Texas must remove floating barriers the state placed on the Rio Grande to deter illegal immigrants from crossing, a federal judge ruled Wednesday, but Gov. Greg Abbott wasted no time announcing he would appeal.
District Court Judge David Ezra ordered the wrecking ball-sized buoys removed next Friday and barred the Lone Star State from adding any other structures on the Rio Grande, the international border between the United States and Mexico in Texas. , without prior federal approval.
Shortly after Ezra’s ruling, Abbott issued a statement promising that “Texas will appeal.”
“This ruling is incorrect and will be overturned on appeal. We will continue to use all strategies to secure the border, including the deployment of Texas National Guard and Department of Public Safety soldiers and the installation of strategic barriers,” the governor said.
The removal of the 1,000-foot sea barrier is part of a preliminary injunction, not a final ruling in the federal lawsuit.
In July, the Justice Department sued Abbott, arguing that it did not have the authority to order the placement of buoys in the river.
Texas has until September 15 to remove controversial river border barriers near Eagle Pass, Texas, according to a federal judge’s ruling Wednesday. AFP via Getty Images
The Republican governor never sought the necessary permission from the International Boundary and Water Commission to install the barrier, the federal agency in charge of the river told The Post in July.
Federal prosecutors argue that the chain of large orange buoys, intended to prevent asylum-seeking immigrants from venturing into the waters of the Rio Grande River near Eagle Pass, Texas, are also a “threat to human life.”
The 1,000-foot marine barrier on the Rio Grande is meant to keep out migrants crossing the water into the United States seeking asylum.REUTERS
While no deaths have been directly linked to the buoys, the body of a migrant who drowned upriver and became entangled in the barrier has been recovered from the notoriously dangerous waterway, state officials said.
“The buoys are a symbol of the hateful and inhumane policies that Governor Abbott has adopted as he continues to wage war against immigrants seeking to better their lives, as millions of other immigrants have done for hundreds of years in this country. ”said Carolina Cañizales of the Immigrant Legal Resources Center.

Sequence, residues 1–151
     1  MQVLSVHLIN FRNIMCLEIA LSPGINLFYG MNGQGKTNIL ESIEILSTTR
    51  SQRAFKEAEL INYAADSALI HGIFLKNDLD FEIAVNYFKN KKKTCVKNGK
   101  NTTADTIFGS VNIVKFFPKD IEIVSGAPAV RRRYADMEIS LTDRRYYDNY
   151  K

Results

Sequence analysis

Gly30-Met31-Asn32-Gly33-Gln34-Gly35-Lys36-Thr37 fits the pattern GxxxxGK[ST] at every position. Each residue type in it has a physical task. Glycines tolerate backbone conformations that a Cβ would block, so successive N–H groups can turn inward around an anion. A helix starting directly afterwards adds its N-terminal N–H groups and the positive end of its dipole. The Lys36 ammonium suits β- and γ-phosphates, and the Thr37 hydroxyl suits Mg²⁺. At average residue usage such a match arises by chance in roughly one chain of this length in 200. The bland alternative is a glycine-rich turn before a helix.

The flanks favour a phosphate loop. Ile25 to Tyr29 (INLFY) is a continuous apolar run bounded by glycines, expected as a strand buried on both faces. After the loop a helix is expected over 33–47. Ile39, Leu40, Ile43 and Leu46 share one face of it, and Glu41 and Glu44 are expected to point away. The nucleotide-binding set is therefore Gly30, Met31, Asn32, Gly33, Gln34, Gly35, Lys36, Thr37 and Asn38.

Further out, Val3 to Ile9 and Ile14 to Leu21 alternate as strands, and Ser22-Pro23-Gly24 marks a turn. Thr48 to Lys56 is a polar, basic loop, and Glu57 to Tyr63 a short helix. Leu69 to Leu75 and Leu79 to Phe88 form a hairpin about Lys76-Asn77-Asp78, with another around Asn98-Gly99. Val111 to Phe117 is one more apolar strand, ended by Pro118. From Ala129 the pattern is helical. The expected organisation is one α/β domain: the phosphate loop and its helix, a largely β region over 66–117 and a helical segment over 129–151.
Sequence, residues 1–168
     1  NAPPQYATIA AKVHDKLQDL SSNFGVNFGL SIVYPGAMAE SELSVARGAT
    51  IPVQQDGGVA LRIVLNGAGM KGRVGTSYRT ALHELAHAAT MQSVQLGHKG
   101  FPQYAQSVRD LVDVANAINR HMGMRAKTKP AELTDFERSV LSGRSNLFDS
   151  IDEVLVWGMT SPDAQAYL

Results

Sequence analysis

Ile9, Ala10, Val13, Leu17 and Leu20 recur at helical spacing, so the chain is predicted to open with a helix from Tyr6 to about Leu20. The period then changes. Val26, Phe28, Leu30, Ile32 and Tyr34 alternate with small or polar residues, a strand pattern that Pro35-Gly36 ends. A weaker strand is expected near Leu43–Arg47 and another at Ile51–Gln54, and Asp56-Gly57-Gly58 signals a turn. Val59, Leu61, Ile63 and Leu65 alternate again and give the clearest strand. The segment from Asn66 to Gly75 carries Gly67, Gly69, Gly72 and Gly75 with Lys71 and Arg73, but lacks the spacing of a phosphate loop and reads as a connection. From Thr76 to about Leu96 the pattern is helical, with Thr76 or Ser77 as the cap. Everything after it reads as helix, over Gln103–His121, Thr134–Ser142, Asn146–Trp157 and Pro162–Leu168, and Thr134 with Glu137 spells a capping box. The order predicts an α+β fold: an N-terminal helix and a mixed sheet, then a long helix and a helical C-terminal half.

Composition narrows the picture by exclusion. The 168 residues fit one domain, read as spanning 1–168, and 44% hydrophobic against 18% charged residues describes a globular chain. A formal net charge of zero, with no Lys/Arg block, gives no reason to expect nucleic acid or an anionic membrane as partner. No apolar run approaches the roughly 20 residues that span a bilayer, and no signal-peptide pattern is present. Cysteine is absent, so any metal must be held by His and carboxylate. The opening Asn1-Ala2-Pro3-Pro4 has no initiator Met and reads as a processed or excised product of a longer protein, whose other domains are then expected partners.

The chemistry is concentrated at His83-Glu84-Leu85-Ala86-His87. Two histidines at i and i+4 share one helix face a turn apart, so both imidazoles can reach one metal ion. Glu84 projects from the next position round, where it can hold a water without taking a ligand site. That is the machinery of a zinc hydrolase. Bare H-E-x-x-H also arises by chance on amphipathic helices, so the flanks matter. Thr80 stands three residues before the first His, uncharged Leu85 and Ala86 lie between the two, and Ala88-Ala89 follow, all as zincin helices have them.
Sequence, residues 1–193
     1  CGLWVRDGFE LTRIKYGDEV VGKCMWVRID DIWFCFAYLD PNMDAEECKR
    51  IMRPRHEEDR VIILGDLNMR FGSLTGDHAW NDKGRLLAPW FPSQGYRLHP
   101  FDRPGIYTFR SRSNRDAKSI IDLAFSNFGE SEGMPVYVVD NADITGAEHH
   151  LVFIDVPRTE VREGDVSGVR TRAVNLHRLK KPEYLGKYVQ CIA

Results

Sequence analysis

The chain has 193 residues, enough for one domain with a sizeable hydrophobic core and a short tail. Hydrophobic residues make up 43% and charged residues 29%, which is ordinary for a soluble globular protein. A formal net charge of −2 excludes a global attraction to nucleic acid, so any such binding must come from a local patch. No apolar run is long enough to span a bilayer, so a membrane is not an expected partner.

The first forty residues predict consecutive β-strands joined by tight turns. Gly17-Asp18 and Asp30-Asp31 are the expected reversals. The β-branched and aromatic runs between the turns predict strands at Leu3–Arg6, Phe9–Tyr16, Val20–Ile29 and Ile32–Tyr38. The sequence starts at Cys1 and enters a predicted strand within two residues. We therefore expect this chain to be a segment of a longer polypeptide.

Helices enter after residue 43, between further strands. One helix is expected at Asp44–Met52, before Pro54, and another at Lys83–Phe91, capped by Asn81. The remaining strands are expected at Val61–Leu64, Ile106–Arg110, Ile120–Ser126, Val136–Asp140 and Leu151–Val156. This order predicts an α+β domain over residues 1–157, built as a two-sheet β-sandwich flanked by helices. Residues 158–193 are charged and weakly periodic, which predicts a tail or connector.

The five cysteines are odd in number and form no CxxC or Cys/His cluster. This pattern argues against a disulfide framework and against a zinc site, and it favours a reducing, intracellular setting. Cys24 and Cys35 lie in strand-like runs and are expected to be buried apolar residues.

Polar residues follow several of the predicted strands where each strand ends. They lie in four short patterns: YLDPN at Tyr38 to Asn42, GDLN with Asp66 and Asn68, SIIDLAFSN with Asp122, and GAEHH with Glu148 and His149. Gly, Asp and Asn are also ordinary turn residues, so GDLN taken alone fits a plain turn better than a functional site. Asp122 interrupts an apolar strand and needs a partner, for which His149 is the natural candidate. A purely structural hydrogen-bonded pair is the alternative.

The state agency in charge of installing the structure told The Post that anyone who wanted to get past the buoys would have to swim under them.
The large orange buoys are meant to deter anyone from crossing the river, the state of Texas told The Post.ZUMAPRESS.com
“The buoys drop a foot below the water line, so anyone wanting to get past them would have to swim at least that far,” Lt. Chris Olivarez, a spokesman for the Texas Department of Public Safety, told the Post in July.
The judge’s order also said the barrier hampered Border Patrol operations, including rescuing migrants from the river, and damaged diplomatic relations with Mexico.
The buoys are to remain on the US side of the river banks until a final decision can be made in the lawsuit pitting the state against the feds.ZUMAPRESS.com/MEGA
The United States’ neighbor to the south has demanded that the buoys be removed from the Rio Grande, as Mexico controls about half of its waters. A recent study found that most of the buoys were originally placed in Mexican waters.
But none of the controversy has deterred Abbott, who declared he is ready to take the case to the U.S. Supreme Court.
“Today’s court decision simply continues President Biden’s willful refusal to acknowledge that Texas is legitimately stepping up to do the job it should have been doing all along,” the three-term governor said.
“Our battle to defend Texas’ sovereign authority to protect lives from the chaos caused by President Biden’s open border policies has only just begun.”